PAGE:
North Carolina’s Racial Justice Act of 2009 prohibits the seeking or imposing of the death penalty based on a person’s race. State representatives no longer think systematic racism in capital punishment cases is a problem. The North Carolina House voted 77-39 Wednesday to repeal the law. SB 306 will repeal the RJA.
As noted by Raw Story, a judge in Fayetteville threw out the death sentence in the case of Marcus Raymond Robinson on April 20, 2012. Robinson argued that when he was sentenced in 1994, prosecutors made a concerted effort to keep qualified black jurors from serving.
There are now 152 people on death row in the state. Without the RJA, they can no longer claim racial bias played a rolling in their sentencing in order to have their sentence converted to life without parole.
The American Civil Liberties Union of North Carolina called RJA “a historic civil rights law that seeks to address racial bias in the state’s death penalty system.”
“The Racial Justice Act has made it possible to shine a light on widespread and indisputable evidence of racial bias in North Carolina’s death penalty system that needs to be addressed,” said ACLU-NC Policy Director Sarah Preston in a statement. “Even those who support the death penalty should agree that capital sentences must be handed down impartially and with respect for due process, yet this bill makes it harder, if not impossible, to achieve that goal.”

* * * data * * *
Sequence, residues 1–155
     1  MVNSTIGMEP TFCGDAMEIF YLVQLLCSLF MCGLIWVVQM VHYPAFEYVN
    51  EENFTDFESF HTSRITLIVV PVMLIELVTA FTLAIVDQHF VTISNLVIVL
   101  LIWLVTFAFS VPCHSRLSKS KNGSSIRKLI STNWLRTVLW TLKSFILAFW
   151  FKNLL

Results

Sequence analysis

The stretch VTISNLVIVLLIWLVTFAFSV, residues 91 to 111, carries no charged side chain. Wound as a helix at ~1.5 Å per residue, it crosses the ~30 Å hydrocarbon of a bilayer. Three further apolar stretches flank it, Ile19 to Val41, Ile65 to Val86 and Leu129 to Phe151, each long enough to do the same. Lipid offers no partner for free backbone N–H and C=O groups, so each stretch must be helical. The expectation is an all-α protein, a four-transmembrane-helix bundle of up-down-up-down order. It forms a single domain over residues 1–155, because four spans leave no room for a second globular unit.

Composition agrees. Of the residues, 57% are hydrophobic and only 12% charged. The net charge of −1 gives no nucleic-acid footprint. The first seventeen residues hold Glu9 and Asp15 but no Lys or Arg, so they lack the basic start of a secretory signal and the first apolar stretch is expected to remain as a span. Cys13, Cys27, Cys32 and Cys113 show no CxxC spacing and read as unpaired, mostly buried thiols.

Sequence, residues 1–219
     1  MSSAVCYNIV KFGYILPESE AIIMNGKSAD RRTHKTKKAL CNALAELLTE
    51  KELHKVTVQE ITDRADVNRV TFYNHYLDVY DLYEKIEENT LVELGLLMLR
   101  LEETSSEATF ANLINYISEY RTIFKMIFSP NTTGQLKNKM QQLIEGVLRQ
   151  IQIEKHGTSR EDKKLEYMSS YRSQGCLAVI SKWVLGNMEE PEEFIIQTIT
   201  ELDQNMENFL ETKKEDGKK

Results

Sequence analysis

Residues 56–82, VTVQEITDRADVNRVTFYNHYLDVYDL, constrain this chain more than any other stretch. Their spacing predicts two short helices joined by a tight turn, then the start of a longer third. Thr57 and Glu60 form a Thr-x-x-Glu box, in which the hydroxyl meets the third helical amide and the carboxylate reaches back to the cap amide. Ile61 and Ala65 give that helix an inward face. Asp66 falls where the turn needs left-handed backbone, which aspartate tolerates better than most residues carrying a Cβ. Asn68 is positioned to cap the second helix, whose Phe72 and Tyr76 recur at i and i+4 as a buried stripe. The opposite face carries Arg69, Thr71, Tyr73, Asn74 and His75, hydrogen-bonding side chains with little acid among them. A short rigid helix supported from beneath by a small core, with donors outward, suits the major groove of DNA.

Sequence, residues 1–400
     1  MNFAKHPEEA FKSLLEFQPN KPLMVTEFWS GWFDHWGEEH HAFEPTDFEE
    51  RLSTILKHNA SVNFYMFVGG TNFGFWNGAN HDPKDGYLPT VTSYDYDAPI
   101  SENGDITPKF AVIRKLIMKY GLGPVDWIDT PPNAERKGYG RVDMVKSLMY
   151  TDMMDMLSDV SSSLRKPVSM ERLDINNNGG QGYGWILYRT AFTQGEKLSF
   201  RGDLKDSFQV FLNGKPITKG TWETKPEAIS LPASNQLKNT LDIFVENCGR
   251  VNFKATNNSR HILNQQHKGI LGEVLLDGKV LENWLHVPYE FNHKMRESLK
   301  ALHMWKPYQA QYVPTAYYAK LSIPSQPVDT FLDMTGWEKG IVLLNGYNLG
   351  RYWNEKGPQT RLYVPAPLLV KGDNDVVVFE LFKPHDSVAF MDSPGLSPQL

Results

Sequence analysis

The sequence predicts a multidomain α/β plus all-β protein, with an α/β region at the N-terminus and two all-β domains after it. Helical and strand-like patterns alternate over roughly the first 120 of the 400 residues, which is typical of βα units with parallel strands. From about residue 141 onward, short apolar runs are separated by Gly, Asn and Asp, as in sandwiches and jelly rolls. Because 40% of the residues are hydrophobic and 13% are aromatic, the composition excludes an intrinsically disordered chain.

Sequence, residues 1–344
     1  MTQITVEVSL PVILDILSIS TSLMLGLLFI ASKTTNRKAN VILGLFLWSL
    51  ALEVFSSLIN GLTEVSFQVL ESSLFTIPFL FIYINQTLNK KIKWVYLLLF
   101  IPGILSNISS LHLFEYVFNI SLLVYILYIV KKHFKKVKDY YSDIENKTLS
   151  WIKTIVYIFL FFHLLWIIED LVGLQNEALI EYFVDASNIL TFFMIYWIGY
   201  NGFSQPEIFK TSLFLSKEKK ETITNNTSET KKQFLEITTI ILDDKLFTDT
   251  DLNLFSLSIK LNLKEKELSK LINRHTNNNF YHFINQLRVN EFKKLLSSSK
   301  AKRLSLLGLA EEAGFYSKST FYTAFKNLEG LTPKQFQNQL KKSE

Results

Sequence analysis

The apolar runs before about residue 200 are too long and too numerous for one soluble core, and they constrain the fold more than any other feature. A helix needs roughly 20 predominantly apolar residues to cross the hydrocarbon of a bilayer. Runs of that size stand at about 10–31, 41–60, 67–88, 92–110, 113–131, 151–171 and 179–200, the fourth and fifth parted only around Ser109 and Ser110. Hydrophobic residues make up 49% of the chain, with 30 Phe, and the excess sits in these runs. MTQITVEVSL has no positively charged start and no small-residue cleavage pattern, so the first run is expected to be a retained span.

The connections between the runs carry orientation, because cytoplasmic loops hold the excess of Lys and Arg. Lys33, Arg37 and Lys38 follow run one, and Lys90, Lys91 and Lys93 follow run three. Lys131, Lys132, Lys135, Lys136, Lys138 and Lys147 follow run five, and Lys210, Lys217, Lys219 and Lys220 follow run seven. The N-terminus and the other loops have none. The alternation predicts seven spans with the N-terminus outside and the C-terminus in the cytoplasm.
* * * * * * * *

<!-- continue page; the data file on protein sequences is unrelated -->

Some representatives thought the act was deeply flawed.
“No one wants actual racial discrimination," said Rep. Skip Stam, R-Wake, to the House on Tuesday. "What we don’t want also is for race to be used for a pretext – a pretext in order to stop the death penalty.”
“It tries to put a carte blanche solution on the problem,” said Rep. Tim Moore, R-Hardin, to the New York Times. “A white supremacist who murdered an African-American could argue he was a victim of racism if blacks were on the jury.”
Others argued the RJA was put in place for a reason.
“It’s incredibly sad,” said Rep. Rick Glazier, D-Cumberland. “If you can’t face up to your history and make sure it’s not repeated, it lends itself to being repeated.”
“In the first case ever tried under the RJA, North Carolina Superior Court Judge Gregory Weeks commuted the sentence of death-row prisoner Marcus Robinson to life in prison without the possibility of parole after finding that the defendant 'introduced a wealth of evidence showing the persistent, pervasive, and distorting role of race in jury selection throughout North Carolina,'"said Prestons aid in an ACLU-NC statement.
“It’s simply an attempt to get people off death row by arguing that the frequency of the death penalty in one race is more than another," said state Sen. Thom Goolsby, R-New Hanover, to The Daily Tar Heel. "It doesn’t deal with the word ‘bias’ or ‘discrimination.’”